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Optimistic About the Economy, Less So About Politics

Jim O’Neill of Goldman Sachs Asset Management weighs up the issues facing either a returned President Obama or a new President Romney.

I recently — before the arrival of Hurricane Sandy — spent a quick 24 hours in Washington D.C. for the first time in a year or so, and I left a bit bemused about much of what I heard as it relates to the election. 

For much of the past 12 months at Goldman Sachs Asset Management we have been getting more optimistic about the U.S. economy due to the combination of three forces: the turnaround in the housing market; the remarkable domestic energy story; and the beginnings of a possible revival in the competitiveness of U.S. manufacturing. At many of our regular CIO conference calls that I chair, we have often wondered what was needed to translate these forces into a stronger U.S. GDP growth and positive vibes that would come with it. Usually the answer, provided primarily by our U.S. equity portfolio managers’ interaction with corporate CEOs and their teams, are related to Washington providing less uncertainty about regulatory issues and future tax policies. It is against this background that we ponder the importance of the election itself in terms of the consequences for the U.S. and the rest of the world.

At one of our most recent calls, one of the fixed-income portfolio managers described the fiscal cliff issue as probably not too dissimilar to that of the Y2K issue back in the build up to 2000, in so far that all that worry and fear led to not much in the end. I mentioned this to one seasoned U.S. political figure on my trip, and his answer was as amusing and interesting as the analogy itself, suggesting that the only reason Y2K was a nonissue is because efforts undertaken to ensure so. Let’s hope this is the case with the fiscal challenges.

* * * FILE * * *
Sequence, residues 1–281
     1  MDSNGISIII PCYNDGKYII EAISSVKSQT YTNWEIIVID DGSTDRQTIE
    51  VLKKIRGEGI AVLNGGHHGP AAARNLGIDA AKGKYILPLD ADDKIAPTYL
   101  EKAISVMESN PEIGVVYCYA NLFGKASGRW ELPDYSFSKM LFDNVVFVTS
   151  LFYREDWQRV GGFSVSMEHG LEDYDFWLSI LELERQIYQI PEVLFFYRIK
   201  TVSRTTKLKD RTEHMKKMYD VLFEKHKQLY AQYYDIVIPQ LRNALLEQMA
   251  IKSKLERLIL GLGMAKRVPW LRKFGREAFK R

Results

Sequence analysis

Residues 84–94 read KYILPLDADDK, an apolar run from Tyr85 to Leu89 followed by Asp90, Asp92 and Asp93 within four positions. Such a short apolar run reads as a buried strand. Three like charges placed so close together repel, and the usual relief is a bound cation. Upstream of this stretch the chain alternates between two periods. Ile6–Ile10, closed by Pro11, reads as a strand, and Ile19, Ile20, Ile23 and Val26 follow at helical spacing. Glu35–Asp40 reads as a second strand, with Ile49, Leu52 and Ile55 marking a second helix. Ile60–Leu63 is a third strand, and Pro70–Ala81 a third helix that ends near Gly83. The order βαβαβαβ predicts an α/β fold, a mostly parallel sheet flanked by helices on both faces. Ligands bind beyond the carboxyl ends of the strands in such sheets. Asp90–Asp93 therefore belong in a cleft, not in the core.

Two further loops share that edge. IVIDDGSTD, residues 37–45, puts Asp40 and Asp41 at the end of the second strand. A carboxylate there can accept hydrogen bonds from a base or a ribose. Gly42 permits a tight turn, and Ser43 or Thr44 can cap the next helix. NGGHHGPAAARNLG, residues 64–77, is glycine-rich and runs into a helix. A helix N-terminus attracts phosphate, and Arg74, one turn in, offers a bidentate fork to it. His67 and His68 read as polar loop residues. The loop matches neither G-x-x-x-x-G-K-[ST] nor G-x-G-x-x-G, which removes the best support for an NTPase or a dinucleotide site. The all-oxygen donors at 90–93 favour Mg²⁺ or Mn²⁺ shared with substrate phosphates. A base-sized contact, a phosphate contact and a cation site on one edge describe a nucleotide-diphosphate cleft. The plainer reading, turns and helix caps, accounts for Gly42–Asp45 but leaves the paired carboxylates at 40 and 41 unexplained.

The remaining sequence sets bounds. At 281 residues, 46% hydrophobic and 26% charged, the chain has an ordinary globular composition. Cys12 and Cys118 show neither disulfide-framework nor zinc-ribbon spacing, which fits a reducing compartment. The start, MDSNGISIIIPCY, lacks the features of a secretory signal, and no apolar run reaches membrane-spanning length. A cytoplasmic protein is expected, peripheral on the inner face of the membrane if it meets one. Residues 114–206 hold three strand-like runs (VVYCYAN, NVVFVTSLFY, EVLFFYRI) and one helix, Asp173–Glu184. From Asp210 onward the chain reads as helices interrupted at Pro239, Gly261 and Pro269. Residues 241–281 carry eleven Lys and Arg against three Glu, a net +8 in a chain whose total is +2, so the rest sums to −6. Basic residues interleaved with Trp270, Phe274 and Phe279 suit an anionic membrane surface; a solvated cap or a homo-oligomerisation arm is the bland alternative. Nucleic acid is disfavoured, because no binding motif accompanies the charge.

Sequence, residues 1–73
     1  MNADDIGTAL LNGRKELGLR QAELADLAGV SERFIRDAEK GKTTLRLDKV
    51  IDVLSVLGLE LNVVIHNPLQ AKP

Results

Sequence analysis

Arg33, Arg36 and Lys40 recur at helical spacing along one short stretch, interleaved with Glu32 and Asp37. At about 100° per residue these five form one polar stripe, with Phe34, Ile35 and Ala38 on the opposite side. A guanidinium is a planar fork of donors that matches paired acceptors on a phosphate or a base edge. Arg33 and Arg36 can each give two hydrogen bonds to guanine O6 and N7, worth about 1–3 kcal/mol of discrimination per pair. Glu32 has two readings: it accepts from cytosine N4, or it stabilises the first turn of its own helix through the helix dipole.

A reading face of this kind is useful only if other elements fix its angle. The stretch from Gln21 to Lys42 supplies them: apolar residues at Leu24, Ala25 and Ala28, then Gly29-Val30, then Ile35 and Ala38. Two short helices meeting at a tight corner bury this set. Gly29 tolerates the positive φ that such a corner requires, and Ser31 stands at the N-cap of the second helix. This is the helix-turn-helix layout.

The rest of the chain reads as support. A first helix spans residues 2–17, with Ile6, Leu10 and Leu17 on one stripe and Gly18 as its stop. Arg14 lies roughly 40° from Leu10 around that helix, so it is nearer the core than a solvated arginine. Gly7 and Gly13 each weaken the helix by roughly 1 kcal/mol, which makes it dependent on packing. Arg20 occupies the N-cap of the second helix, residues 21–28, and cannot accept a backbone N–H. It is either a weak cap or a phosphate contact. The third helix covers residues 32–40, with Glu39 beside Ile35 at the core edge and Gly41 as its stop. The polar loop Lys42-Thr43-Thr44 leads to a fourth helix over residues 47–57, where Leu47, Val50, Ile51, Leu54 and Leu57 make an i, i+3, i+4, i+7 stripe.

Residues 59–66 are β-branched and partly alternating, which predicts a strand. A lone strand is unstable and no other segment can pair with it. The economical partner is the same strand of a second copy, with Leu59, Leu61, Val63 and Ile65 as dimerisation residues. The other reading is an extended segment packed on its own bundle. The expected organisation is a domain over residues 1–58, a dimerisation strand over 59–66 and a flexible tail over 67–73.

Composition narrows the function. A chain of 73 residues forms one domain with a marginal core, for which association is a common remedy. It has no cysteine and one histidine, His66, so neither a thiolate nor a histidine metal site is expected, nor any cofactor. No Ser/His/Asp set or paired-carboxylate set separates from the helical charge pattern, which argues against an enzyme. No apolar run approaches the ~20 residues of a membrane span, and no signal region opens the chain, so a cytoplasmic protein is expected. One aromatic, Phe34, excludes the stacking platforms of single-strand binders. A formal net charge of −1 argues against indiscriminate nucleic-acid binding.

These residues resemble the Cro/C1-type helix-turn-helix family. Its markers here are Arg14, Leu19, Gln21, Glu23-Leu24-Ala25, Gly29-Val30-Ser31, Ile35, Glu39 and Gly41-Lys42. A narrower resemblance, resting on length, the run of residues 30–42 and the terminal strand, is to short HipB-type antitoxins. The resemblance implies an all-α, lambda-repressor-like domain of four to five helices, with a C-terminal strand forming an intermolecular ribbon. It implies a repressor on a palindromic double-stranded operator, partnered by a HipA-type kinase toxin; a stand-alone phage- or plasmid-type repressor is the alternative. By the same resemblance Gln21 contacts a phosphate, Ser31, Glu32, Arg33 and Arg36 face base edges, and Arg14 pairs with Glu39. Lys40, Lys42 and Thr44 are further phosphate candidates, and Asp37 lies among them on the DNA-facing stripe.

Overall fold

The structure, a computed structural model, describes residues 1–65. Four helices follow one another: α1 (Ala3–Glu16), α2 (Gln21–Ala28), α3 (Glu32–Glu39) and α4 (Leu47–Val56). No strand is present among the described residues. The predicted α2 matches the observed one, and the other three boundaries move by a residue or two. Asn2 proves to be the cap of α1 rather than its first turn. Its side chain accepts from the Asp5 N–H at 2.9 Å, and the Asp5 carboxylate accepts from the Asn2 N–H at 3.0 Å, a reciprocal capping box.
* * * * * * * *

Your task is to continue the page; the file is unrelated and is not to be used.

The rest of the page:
On the election outcome, I have returned assuming the most narrow of victories for the incumbent but with no real confidence in this view, and more broadly of the judgement that the electorate is not going to give a strong mandate to either. And in any case, unless there are big shifts in Congress, it is not clear that the new president will have the freedom for much away from them. A narrow victory for President Obama would seem to be, at least superficially, the more complicated of the outcomes, as a repeat of the policy stalemates of the past couple of years would probably ensue unless we see a very different Obama in a second term. But I am not so convinced that a narrow Romney victory leads to a dramatically different path unless we get a notable shift to the Republicans in the Senate too.

One of the reasons why it is all so difficult for the voters comes back to the same issue the politicians are struggling with: deficit issues are eating away at the underlying American Dream, especially with the more radical wings of the political parties having grabbed the media attention on the issues. Do the American people want higher permanent taxes to help pay for more government (which those in favor hope will ensure a better and more successful degree of government support)? Or do people want less government, paving the way for less taxation eventually and all the issues that go with it? Not surprisingly the 300 million American citizens seem somewhat split — or to be more accurate, those in the key marginal state battlegrounds seem to be. Against this background, whoever wins seems set to face the challenge of a messy compromise on the fiscal cliff to avoid the consequences of a sharp slowdown while maintaining some sort of fiscal credibility.